Hello, there! My name is Cynthia Rodríguez. I’m a writer, copy-editor and translator in English and Spanish. I write about arts, fashion and entertainment and the ways they relate to our daily lives. I can write for you if you want, but here I write from my point of view. Feel free to browse, take a look at my samples and share your thoughts on the blog.
As you may have read in past months, I tend to travel up, down and all around to plus size fashion events and Fat Acceptance meetings. From London to Sheffield and all the way to Leeds, I love visiting and supporting collectives that hold the often confusing belief (to the rest of Western civilisation) that fat people deserve as much dignity and pride as everyone else. This sense of dignity and pride includes being able to navigate society, establish professional, amicable and intimate relationships, start and develop a career, get involved in joyful physical activities for health improvement and maintenance, and simply survive without fear. And for most of these activities, unless you work on a nude beach, you need clothes. Clothes that reflect your personality, are worth the money and are fit for the occasion.
To be honest, I have a complicated relationship with Chris Guillebeau and his work. Just like with Seth Godin, Mark Boyle and other “disruptive” intellectuals, Guillebeau’s ideas sound too good to be true and too simple to be universal. His concept behind The Art of Non-Conformity is exhilarating. Not only did I download his Brief Guide to World Domination, but I printed it and included it in a very special folder I read for inspiration and empowerment, among The ‘Undeclared for Life’ Manifesto by Puttylike’s Emilie Wapnick and The (nearly) Ultimate Guide to Better Writing edited by Mary Jaksch from Write to Done. I wanted to believe that, like him, one could travel around the world on a budget using nothing but intelligence and thriftiness. That one could publish several books independently and attract the power of thousands under the wings of tenacity, integrity and tenacity again.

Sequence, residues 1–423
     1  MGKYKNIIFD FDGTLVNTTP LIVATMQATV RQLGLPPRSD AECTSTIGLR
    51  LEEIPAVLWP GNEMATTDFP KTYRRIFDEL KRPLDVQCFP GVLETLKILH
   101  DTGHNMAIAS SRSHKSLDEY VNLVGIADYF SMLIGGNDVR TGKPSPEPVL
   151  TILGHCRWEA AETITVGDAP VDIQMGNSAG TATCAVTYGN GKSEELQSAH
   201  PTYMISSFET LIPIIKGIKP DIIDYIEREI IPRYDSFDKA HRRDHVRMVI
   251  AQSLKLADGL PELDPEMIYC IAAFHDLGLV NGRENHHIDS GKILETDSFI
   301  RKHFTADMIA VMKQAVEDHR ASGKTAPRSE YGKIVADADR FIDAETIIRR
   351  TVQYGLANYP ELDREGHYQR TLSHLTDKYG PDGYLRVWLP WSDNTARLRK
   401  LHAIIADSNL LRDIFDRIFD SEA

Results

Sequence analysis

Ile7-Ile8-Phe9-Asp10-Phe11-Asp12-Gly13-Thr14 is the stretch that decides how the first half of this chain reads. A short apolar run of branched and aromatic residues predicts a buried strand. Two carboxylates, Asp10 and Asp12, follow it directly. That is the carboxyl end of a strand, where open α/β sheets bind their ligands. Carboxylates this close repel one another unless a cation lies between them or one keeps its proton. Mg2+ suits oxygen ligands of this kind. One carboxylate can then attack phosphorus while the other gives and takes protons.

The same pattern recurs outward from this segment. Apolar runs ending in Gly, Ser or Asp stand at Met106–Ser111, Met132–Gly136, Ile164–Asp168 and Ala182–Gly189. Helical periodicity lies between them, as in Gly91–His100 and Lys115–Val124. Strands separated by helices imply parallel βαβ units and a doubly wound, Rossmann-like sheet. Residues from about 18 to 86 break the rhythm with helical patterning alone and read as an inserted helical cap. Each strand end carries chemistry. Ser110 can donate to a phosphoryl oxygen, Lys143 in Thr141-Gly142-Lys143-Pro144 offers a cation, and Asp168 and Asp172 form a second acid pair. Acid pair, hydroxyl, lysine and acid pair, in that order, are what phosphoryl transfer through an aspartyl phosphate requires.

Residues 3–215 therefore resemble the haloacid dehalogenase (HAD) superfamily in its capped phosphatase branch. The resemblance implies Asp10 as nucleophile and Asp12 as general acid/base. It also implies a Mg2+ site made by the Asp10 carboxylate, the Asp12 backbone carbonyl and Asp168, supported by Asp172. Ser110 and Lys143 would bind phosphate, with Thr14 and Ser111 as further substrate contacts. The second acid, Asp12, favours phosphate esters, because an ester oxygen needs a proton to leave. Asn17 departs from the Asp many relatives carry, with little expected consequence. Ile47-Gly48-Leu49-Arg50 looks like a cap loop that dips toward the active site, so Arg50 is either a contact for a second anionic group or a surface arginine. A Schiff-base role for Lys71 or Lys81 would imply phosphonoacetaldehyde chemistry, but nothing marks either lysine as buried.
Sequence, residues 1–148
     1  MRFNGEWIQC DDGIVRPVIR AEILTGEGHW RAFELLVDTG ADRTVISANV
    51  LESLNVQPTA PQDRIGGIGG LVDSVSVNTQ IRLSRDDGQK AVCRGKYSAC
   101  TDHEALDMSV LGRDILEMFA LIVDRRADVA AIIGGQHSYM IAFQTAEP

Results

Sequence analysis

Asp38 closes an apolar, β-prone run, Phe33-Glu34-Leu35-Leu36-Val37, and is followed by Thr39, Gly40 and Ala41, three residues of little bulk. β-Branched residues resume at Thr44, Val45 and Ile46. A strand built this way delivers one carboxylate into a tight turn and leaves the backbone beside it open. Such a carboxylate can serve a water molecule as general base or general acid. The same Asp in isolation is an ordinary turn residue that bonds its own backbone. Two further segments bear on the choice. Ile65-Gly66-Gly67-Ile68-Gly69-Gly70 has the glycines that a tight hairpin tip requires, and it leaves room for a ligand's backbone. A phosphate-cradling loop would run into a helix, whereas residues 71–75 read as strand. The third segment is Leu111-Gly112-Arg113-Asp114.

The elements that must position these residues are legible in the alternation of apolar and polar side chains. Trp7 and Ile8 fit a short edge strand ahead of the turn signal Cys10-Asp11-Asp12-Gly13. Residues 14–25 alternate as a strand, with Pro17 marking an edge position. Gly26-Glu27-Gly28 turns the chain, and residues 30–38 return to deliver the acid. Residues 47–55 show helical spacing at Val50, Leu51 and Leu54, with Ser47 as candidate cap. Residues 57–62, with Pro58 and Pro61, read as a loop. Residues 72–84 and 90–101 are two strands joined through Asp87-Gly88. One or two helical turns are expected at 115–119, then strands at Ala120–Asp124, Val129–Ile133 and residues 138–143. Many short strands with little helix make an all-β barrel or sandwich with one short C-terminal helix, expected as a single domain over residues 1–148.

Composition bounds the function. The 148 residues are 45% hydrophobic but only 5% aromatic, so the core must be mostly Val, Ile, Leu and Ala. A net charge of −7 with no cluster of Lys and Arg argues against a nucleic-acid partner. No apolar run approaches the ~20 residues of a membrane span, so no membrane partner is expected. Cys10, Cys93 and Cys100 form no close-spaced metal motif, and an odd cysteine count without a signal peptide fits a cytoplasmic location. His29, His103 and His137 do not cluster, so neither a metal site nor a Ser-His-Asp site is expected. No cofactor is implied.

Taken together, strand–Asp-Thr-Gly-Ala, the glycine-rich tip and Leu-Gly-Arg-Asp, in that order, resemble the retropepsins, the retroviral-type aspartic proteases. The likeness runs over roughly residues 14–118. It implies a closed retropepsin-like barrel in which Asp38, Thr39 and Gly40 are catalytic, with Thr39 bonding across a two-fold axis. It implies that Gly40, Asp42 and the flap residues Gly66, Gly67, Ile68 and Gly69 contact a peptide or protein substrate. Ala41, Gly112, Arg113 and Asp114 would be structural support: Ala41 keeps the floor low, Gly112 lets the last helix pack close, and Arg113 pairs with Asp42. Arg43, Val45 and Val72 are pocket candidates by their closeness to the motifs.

Let’s play a drinking game, shall we? I know it’s quite early in the day, but we all can do with a shot of tequila or two in the morning. Or three? Or even more?
It’s quite easy: grab a crime novel, any crime novel, and whenever you encounter any of the following tropes, pour in your favourite alcoholic drink into a shot glass and gulp it. Are you ready? Here they are:
A dead sparrow once again. This time, in the mailbox.
They always appear wherever she least expects it: in the bin, between the newspaper pages, in cereal boxes. Under the pillow. In the sink. Like wicked toys from a Happy Meal. Like presents from the cat, who loves her so much and who purrs at her feet.
The other day, she opened a bag of beans to clean them, and there was one. She split an avocado in half, and she find him instead of the bone. Dark brown, rigid, curled up into a ball, with his feet crushed and without any fingers left.
When I was in high school, I wanted to be like Carrie. I wanted to have strong, mental powers to defend myself from the bullies, the teachers, and sometimes from family itself. I wanted to have them on the palm of my hand, unable to escape after one joke too many. I’m pretty sure I’m not the one.
Surprisingly, more and more teens shared this disdain and desire. Not necessarily absolute misfits. A few Halloweens later, this beautiful Suicide Girl chick from university went dressed as Carrie to one of the most decadent parties I’ve ever been to. Mind you, the same party had a bloke dressed like a member of the Ingsoc Thought Police, and I think I saw many Alices in Wonderland, Alex DeLarge and even the Aztec god Tlaloc. Accidentally on purpose, it was a literary themed party. Nobody killed anyone, though. Some people shagged, some people threw up and some people threw up while shagging. Nothing like Brian de Palma’s apocalyptic film adaptation, nor like the straight-to-TV alternate fantasy featuring Angela Bettis, which, quite ironically, we were watching before going to the party.
One of the perils of being a freelancer is finding the perfect workplace. Your home is nice and cosy, but it can get pretty lonely. The café or pub is friendly and crowded, but you can’t always afford eating out or having a cuppa. Plus, things may get hella distracting if you end up developing a crush on the barista – as you do.
Enter co-working spaces: the ultimate solution. A home office away from home… office. The opportunity to be your own boss and still have water-cooler moments with someone besides your cat, your mum on the phone and your sorry old self. There’s freedom, plenty of room, networking and friendship possibilities, coffee, tea, Internet, and the perfect excuse to leave your house and enjoy some well-needed fresh air like your 9-to-5 buddies do when they go to their company jobs.
For the first time in a very, very long while, I cried after finishing a book. I’ve never been a soppy person with books and films, even if I love them so much. But it just happened. I welled up.
And who did this? None other than Troy Blackford, a brave little writer from the Twin Cities, self-published most of his life, and using the power of social media to advertise his novels and short stories on paper and Kindle.